Costochondritis is a localized pain in the anterior (front) chest wall.
Occurring in patients of any age, costochondritis merely means pain at the junction of the bony and cartilaginous parts of a rib—usually the second, third, fourth, or fifth rib—that is highly localized. Sometimes, but not always, there is accompanying swelling and inflammation, a condition preferably referred to as Tietze’s syndrome. Neither costochondritis nor Tietze’s syndrome is a serious disease, but their symptoms mimic those of several dangerous conditions.
There is no known specific cause, but several types of arthritis may affect the costochondral joints.
The following factors increase your chances of developing costochondritis. If you have any of these risk factors, tell your doctor:
- Rheumatoid arthritis
- Ankylosing spondylitis
- Reiter’s syndrome
If you experience any of these symptoms do not assume it is due to costochondritis. These symptoms may be caused by other, serious health conditions such as a heart attack, digestive problems, and cancers that invade the bone. If you experience any one of them, see your physician.
- Sharp, localized anterior chest pain, possibly radiating to the arm or shoulder and possibly aggravated by sneezing, coughing, deep breathing, or twisting motions of the chest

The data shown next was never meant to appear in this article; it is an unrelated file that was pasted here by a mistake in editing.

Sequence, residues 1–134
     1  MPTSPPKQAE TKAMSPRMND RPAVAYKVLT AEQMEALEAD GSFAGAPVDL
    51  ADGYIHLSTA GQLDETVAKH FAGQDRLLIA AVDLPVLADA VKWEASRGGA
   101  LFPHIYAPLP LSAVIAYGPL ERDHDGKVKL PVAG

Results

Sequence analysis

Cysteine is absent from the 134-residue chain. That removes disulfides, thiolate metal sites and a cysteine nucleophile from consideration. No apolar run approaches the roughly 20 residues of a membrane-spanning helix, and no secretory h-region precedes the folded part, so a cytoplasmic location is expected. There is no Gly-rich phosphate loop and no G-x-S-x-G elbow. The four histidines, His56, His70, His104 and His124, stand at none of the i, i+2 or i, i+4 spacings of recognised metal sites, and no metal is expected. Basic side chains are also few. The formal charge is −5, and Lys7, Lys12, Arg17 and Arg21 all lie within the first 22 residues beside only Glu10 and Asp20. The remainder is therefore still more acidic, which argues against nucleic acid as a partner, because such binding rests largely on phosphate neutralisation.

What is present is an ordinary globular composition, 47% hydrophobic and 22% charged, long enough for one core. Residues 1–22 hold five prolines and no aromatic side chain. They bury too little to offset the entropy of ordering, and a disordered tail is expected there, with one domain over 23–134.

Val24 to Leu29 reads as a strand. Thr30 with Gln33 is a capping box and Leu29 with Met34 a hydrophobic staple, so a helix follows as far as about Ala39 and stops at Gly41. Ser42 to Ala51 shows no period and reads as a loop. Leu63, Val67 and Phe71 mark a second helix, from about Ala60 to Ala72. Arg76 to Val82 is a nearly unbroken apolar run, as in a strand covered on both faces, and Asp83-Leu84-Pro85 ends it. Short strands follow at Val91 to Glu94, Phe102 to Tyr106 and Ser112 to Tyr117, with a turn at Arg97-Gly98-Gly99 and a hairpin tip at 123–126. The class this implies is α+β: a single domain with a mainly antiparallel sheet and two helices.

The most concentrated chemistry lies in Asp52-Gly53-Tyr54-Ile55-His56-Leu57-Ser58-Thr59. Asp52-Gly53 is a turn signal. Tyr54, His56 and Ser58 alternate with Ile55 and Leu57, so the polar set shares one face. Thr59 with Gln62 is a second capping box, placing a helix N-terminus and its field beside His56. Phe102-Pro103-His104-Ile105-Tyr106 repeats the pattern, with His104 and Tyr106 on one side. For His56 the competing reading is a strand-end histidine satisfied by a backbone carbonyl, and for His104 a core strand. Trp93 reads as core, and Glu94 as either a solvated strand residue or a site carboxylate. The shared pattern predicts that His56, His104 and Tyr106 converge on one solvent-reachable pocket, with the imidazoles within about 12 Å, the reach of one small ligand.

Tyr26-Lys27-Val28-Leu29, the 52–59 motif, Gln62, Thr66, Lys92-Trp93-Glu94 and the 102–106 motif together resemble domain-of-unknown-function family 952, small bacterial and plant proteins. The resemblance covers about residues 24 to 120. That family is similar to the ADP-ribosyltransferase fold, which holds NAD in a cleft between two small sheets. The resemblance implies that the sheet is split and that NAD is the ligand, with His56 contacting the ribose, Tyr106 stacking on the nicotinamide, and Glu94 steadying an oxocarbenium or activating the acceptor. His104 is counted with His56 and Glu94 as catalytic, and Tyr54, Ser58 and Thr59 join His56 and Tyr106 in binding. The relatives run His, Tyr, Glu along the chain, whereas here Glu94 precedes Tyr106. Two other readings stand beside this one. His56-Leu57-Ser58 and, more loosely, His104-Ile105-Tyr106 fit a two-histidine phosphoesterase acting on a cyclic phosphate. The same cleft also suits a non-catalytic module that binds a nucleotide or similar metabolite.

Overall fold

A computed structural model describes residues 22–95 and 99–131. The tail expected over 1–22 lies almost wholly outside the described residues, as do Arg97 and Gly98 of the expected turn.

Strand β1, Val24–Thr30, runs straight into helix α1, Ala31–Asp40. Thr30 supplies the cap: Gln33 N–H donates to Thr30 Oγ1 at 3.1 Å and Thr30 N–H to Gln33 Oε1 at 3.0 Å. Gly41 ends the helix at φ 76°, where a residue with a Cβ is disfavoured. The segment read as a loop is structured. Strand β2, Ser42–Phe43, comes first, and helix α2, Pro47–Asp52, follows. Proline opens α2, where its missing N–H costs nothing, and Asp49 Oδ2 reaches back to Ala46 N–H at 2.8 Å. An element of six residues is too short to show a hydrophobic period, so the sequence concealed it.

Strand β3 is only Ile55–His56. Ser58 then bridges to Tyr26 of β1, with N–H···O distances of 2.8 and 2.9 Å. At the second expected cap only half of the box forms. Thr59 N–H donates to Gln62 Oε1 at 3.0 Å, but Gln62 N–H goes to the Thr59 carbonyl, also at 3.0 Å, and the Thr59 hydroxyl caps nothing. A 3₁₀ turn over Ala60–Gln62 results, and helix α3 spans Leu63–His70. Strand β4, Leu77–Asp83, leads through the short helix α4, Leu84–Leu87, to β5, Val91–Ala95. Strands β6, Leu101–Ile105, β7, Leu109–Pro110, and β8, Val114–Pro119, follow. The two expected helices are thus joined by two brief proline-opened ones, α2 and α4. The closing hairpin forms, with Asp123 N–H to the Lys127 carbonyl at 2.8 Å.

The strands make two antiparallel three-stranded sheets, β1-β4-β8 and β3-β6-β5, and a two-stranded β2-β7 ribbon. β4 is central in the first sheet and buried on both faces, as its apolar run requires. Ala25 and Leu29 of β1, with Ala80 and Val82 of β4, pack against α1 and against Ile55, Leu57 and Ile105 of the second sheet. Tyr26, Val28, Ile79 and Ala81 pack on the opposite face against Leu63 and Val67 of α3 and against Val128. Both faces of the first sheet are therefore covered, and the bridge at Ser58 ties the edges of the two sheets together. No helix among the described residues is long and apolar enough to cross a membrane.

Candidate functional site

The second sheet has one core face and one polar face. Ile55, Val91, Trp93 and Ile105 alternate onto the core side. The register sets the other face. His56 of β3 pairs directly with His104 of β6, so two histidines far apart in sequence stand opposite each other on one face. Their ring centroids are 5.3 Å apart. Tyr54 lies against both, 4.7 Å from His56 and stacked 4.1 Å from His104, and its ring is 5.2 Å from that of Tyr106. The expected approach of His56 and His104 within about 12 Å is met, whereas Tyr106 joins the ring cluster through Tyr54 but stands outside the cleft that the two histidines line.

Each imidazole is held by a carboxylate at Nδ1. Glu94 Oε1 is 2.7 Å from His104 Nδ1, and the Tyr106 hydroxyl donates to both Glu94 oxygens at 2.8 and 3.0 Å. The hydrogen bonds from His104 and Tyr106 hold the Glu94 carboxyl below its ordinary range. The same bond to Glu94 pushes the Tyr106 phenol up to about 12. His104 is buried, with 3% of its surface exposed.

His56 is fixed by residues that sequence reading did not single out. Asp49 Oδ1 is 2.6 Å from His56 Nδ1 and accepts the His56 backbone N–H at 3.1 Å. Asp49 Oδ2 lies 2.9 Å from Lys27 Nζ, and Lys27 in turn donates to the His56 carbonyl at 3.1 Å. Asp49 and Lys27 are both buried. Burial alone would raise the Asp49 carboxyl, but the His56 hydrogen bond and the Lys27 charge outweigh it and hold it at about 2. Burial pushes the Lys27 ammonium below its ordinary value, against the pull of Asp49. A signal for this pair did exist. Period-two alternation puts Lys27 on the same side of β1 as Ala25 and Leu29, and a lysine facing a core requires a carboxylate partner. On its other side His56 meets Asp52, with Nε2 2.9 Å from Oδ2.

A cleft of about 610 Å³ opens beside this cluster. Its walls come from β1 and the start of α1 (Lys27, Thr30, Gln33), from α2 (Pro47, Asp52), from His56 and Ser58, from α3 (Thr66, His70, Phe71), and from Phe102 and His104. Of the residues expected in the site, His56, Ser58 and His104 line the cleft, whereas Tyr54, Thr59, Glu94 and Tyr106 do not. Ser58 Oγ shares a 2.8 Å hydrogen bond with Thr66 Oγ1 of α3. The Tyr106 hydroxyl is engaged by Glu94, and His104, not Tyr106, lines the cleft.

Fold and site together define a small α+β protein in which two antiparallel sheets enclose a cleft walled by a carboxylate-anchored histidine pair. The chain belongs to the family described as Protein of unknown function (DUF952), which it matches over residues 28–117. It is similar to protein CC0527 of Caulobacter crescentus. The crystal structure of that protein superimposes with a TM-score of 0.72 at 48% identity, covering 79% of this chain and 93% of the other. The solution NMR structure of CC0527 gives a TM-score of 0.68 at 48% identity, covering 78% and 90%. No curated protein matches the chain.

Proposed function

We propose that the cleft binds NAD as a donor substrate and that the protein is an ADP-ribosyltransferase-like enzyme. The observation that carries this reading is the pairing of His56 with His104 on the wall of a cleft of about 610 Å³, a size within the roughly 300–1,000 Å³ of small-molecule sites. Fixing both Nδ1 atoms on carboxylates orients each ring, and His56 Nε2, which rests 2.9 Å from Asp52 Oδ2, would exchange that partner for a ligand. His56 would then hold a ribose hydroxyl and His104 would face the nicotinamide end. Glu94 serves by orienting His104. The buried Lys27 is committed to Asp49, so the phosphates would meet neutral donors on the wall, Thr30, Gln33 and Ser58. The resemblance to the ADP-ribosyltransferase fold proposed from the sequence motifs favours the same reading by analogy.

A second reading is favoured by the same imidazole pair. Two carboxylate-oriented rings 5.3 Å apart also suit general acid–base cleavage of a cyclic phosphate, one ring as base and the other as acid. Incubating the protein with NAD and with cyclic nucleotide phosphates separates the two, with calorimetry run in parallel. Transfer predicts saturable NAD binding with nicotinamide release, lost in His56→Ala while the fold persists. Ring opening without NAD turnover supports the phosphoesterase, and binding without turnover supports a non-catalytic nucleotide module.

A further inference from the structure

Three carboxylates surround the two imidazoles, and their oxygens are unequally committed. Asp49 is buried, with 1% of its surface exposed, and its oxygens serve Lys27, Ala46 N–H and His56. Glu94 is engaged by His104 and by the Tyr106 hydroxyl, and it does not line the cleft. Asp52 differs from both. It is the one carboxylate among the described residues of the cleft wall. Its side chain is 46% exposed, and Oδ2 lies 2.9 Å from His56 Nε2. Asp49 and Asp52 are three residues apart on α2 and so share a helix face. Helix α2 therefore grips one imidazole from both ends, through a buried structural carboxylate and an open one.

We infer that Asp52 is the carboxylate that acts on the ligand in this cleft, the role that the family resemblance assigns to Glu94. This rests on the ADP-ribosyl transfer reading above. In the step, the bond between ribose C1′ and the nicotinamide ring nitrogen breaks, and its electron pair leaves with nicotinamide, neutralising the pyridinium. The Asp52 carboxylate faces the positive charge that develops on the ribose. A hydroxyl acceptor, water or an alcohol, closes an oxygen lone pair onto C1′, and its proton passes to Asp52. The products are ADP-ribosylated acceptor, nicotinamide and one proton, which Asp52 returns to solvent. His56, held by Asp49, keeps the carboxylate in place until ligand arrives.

- Tenderness or swelling over a costochondral joint (located on each rib1-2 inches on either side of the breast bone)
Your doctor will ask about your symptoms and medical history, and perform a physical exam. If the diagnosis is in doubt, tests to examine the ribs more closely and to rule out other conditions may include the following:
- Chest x-ray
- EKG to evaluate the heart
- Endoscopy or contrast x-rays of the esophagus and stomach to look for digestive diseases
- Bone scan to look for cancer in the bones (generally not useful because it is non-specific)
Talk with your doctor about the best treatment plan for you. Once the diagnosis is confirmed and no serious condition is found, treatment is optional. Treatment choices include the following:
- Hot or cold compresses– Often thermal treatments will provide satisfactory relief until the condition resolves itself.
- Over-the-counter analgesics–Aspirin, acetaminophen (Tylenol), ibuprofen (Motrin), naproxen (Alleve).
- Cortisone injections– An injection of local anesthetic and cortisone directly into the sore joint often relieves the pain.
- Intercostal nerve block– Very rarely the pain is sufficiently intense and prolonged to require numbing the area with a nerve block.
Costochondritis occurs spontaneously at any age, usually without warning or identified causes. There is no way to prevent it.